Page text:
James: Yes. They have no sadhana, no means of attainment, so they have to pretend that this world does not exist. It exists all right, it just isn’t real. They do not understand the satya/mithya concept. The whole Neo-Advaita thing just evolved without any inquiry. None of their inspirations – Krishnamurti, Osho and Papaji – were scripturally astute. They read scripture but they interpreted it according to their own ideas. None of them were taught. So there was no intellectual rigor in their teachings. The Westerners who listened to them were not properly qualified for moksa, lacked real discipline and just interpreted what they read and heard according to their own ideas, and this crucial point seems to have been completely missed. It is not an obvious point. Although I routinely teach it and people get it quite easily, it is not something that one would come up with naturally. So the question of how to behave in the apparent reality is unresolved. They just say nothing exists, do what you want.
Pierre: What I’m uncertain about is that “everything is consciousness” is a superimposition of non-duality on multiplicity. What I read is that though everything IS consciousness, you mean it in the context of self-knowledge as opposed to behaviour (or action) in maya, correct?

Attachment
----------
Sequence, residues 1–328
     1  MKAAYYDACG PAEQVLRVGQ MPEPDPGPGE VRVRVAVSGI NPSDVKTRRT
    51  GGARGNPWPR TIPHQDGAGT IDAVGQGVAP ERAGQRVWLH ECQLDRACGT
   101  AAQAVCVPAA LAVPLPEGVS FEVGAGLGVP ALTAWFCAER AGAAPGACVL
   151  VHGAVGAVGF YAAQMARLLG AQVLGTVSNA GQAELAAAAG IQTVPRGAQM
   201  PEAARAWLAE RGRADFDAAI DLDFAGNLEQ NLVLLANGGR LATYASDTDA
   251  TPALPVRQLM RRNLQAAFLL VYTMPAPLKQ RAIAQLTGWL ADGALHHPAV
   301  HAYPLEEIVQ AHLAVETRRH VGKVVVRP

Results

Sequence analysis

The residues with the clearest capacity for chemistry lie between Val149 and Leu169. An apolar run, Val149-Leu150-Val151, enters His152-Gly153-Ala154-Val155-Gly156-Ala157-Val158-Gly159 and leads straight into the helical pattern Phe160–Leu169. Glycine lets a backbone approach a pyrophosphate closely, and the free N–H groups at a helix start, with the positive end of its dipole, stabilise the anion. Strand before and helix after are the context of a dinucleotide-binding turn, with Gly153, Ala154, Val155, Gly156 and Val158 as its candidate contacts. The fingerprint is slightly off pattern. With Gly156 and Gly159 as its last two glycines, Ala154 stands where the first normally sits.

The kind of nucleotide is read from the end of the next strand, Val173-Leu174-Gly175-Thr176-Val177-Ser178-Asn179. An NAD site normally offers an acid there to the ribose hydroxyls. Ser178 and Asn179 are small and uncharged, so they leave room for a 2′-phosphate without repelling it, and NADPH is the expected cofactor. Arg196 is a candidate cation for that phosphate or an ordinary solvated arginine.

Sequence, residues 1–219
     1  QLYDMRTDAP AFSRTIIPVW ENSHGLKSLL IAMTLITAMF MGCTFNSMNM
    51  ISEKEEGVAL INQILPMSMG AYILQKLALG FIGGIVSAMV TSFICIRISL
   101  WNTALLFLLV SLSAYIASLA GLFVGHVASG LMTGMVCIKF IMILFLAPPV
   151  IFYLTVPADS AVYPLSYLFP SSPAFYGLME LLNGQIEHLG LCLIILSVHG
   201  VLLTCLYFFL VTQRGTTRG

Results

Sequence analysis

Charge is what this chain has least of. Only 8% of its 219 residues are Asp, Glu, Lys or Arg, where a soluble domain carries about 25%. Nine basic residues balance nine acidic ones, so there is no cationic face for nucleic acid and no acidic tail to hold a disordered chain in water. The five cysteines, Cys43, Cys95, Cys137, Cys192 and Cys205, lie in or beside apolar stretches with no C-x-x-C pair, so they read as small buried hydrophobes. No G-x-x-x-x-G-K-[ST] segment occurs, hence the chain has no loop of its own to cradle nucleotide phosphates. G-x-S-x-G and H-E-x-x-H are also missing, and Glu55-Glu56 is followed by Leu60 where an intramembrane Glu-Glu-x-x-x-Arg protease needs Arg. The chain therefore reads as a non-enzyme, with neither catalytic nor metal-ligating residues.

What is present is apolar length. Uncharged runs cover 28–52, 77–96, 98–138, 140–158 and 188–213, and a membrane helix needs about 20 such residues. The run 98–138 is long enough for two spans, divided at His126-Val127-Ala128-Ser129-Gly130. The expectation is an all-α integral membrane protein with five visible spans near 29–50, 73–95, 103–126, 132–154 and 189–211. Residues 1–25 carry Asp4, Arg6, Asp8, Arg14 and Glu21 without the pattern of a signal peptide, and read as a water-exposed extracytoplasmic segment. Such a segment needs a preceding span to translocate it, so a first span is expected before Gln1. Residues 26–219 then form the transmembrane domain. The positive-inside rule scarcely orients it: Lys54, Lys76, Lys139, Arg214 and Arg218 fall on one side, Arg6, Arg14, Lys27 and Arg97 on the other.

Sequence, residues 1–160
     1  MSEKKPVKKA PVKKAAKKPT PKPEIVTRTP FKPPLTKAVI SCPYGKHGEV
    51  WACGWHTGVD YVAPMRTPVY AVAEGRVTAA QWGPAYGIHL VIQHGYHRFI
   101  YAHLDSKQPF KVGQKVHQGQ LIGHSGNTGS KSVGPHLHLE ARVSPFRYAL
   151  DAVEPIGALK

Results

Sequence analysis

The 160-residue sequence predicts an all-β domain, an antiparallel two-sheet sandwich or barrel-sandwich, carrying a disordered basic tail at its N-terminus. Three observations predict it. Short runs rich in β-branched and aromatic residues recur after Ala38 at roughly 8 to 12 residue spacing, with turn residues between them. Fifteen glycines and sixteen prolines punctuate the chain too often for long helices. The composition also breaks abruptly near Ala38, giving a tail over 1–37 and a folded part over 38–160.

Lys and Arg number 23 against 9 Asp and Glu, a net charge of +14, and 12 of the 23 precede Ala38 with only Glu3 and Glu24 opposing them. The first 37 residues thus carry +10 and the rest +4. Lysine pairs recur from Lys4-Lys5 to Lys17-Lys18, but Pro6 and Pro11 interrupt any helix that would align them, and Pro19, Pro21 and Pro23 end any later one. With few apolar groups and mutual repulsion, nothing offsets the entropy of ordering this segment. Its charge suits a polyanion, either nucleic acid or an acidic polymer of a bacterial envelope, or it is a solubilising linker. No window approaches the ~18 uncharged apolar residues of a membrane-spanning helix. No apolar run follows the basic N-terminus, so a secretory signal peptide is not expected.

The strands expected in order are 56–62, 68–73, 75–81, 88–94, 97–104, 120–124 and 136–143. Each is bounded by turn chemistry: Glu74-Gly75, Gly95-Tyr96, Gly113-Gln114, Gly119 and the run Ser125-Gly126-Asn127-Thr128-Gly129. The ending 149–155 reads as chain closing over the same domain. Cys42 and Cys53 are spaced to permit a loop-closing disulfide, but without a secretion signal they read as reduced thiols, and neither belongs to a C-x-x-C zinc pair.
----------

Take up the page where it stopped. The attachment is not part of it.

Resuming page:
James: That is right. When you don’t understand what it means to be awareness you may use the idea that it is all awareness to justify your behavior. Self-knowledge seen from the point of view of the apparent individual naturally inclines one to follow dharma. You do not see the idea of dharma in the Neo teachings. By “dharma” I mean the dependence of the individual on the field. They just dismiss the field and want to act like irresponsible little gods in the apparent reality. The idea is that it’s all okay because “I am not here” or reality does not exist. Krishna addresses this issue in the Gita when he says, “I am the desire that is not opposed to dharma.” This means that the individual will naturally have as much concern for others as he or she has for himself or herself – because there is no difference.